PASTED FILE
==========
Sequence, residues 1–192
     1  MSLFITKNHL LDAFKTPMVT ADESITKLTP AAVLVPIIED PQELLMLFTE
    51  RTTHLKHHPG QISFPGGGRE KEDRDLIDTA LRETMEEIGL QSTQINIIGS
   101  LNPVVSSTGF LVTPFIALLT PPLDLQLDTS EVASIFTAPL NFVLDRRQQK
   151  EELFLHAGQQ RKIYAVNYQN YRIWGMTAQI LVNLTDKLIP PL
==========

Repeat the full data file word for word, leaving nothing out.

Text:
Sequence, residues 1–192
     1  MSLFITKNHL LDAFKTPMVT ADESITKLTP AAVLVPIIED PQELLMLFTE
    51  RTTHLKHHPG QISFPGGGRE KEDRDLIDTA LRETMEEIGL QSTQINIIGS
   101  LNPVVSSTGF LVTPFIALLT PPLDLQLDTS EVASIFTAPL NFVLDRRQQK
   151  EELFLHAGQQ RKIYAVNYQN YRIWGMTAQI LVNLTDKLIP PL